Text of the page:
Alyssa:
Yeah. I'll start with a personal one that I think we've talked about before, but when I was at IBM, I was new to machine learning and we were launching a visual recognition system. The API did a very general thing, but we were improving the accuracy of it, and I was new and I was like, "Well, how do you know it's better? How is the accuracy better?" The team settled on the F1 score as a fairly good measure of that, and our F1 score improved, and there was a big delta, and we were excited to launch the next version. A couple days before launch, one of the team members reached out to me and said, "Alyssa, we can't launch this," and I was like, "What are you talking about? It's better. We've all agreed. There's a lot of energy behind this." He sent me an image that I tested against the algorithm, and the tag that came back for that image was the word loser, and the image itself was a picture of someone in a wheelchair. I was horrified, and I thought that that was terrible bias that we didn't want to encode and we certainly didn't want to launch. It really gave myself and the team a wake-up call to, hey, how could this have gotten into our data when the accuracy is supposed to be better. The aha moment for me as a newbie was, well, stupid, of course, it's the data. The data and the training data and the tags that you've associated with that are the problem. So we have a great team where we went back and reviewed every single tag, which was thousands and thousands and thousands of tags and millions of image, and we reviewed it by hand as a team. We divided and conquered, and we pulled out quite a few objectionable things that we didn't want to be the public face of IBM. That took time and money and pain, and we were able to relaunch something that contained less what I would call unwanted bias in that particular system, but IBM's certainly not free from that, and many others have had challenges with visual recognition systems. Particularly, there's been a lot of talk recently about bias in facial recognition systems, so they're tricky to get right.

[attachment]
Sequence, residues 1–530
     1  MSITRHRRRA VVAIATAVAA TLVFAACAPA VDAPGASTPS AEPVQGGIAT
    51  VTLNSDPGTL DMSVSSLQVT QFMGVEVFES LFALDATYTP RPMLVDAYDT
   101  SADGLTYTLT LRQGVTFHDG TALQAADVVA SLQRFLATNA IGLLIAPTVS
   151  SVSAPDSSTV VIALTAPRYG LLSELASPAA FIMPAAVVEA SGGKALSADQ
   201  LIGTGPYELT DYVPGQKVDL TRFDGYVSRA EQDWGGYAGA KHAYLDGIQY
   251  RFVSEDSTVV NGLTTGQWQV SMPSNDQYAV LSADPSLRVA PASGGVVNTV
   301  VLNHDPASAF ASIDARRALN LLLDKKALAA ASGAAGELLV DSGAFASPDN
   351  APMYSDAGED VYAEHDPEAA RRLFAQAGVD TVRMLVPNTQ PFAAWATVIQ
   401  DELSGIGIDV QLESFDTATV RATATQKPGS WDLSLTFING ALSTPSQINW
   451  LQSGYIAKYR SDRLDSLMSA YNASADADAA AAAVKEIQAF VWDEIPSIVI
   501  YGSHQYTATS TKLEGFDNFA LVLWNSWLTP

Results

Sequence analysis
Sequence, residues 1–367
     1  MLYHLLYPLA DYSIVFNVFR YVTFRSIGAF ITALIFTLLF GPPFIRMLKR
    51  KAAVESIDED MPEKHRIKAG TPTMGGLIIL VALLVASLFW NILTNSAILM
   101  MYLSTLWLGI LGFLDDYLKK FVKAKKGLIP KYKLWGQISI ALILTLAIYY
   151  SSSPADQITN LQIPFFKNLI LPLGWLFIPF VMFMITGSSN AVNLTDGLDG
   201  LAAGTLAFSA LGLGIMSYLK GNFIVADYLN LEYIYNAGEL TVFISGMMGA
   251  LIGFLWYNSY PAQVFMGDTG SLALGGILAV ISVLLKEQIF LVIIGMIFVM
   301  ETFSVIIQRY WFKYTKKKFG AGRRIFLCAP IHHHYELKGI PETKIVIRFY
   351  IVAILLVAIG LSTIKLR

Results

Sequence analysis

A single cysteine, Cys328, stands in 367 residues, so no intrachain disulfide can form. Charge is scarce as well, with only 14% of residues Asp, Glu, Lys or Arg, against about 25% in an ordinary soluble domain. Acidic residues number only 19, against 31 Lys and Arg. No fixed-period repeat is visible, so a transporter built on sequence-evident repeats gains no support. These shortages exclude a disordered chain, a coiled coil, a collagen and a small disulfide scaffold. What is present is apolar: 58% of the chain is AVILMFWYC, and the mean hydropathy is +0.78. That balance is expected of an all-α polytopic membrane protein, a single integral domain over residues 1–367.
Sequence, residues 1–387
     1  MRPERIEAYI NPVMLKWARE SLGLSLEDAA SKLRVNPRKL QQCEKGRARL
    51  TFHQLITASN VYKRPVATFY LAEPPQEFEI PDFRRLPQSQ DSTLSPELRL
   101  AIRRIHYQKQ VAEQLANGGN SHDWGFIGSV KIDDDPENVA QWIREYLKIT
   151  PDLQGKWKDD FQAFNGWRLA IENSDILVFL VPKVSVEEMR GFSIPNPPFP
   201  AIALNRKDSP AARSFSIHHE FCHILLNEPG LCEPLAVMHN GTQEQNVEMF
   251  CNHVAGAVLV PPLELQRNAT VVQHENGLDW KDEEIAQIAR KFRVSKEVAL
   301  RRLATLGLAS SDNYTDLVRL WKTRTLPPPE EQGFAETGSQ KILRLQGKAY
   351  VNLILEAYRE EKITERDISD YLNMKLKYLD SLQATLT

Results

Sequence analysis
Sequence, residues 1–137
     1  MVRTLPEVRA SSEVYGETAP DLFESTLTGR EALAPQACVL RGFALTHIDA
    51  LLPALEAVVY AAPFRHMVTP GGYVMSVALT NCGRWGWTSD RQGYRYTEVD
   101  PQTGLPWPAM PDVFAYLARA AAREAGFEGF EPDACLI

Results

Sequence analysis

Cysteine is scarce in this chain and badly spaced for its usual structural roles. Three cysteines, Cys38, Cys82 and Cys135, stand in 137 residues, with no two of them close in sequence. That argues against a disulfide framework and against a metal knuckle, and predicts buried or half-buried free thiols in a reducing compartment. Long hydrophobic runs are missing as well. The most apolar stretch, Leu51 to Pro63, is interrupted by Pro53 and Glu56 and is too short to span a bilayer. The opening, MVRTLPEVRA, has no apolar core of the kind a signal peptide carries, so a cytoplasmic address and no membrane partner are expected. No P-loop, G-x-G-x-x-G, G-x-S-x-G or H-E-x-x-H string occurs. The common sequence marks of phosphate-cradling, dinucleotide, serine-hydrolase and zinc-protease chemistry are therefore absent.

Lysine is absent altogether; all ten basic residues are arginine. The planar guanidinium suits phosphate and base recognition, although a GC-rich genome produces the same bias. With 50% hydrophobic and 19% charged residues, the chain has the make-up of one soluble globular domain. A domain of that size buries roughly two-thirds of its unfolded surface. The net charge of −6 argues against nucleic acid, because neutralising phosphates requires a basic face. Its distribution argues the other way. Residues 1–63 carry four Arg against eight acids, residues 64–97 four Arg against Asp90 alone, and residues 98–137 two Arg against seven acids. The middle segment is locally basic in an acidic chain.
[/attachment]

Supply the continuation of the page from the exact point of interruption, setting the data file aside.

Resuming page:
Lukas:
It seems hard to fix, but maybe even more concerning is that it was just caught by someone who happened to be trying something. Do you have recommendations on diagnosing these kinds of problem?
Alyssa:
Yeah. So that was a long time ago, and, since then, there's a ton more. But what I always say is, "Be proactive around the biases that you're looking for." There's a handful of biases that are regulated, right? You don't want to have gender bias, you don't want to have racial bias or other ones. So depending on what your system is deployed for, you're going to want to set up a proactive monitoring system to take a percentage of your real time public data, do it also in tests, but also, once you've launched the real time data, and siphon it off and review it, typically with humans manually, or at least set up some alerting if things fall or skew outside of what your normal expectations would be. That involves usually dashboards and a lot of data and looking through tags but also proactively setting up a feedback mechanism so that people can report things that you didn't hear about or you didn't think of and being able to escalate those quickly and react quickly and adjust and hopefully be able to retrain your model or remove it or have a back-up plan that does not include your model if you need to take it down for some reason for an extended period of time to mitigate things that you didn't anticipate.
Lukas:
But then, I guess, fixing it, it doesn't seem realistic these days to go through all of the training data set and take out everything objectionable, or maybe it is. On a model that's trained on millions or billions of records, do you have recommendations there for how to improve the quality of the training data in a maybe more cost-effective way?
Alyssa: